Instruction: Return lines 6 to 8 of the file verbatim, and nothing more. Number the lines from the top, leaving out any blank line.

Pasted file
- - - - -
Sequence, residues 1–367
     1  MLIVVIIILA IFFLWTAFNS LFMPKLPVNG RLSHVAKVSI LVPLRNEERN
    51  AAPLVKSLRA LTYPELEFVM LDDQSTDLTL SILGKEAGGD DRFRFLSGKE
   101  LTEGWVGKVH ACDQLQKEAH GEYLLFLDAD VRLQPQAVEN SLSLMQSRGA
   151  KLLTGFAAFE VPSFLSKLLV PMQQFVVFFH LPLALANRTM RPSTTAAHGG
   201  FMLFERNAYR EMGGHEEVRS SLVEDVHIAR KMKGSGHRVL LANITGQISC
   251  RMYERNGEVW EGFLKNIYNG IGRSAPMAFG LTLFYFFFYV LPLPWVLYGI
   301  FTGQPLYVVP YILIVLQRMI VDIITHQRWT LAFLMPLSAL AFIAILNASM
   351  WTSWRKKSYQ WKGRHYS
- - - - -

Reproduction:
   201  FMLFERNAYR EMGGHEEVRS SLVEDVHIAR KMKGSGHRVL LANITGQISC
   251  RMYERNGEVW EGFLKNIYNG IGRSAPMAFG LTLFYFFFYV LPLPWVLYGI
   301  FTGQPLYVVP YILIVLQRMI VDIITHQRWT LAFLMPLSAL AFIAILNASM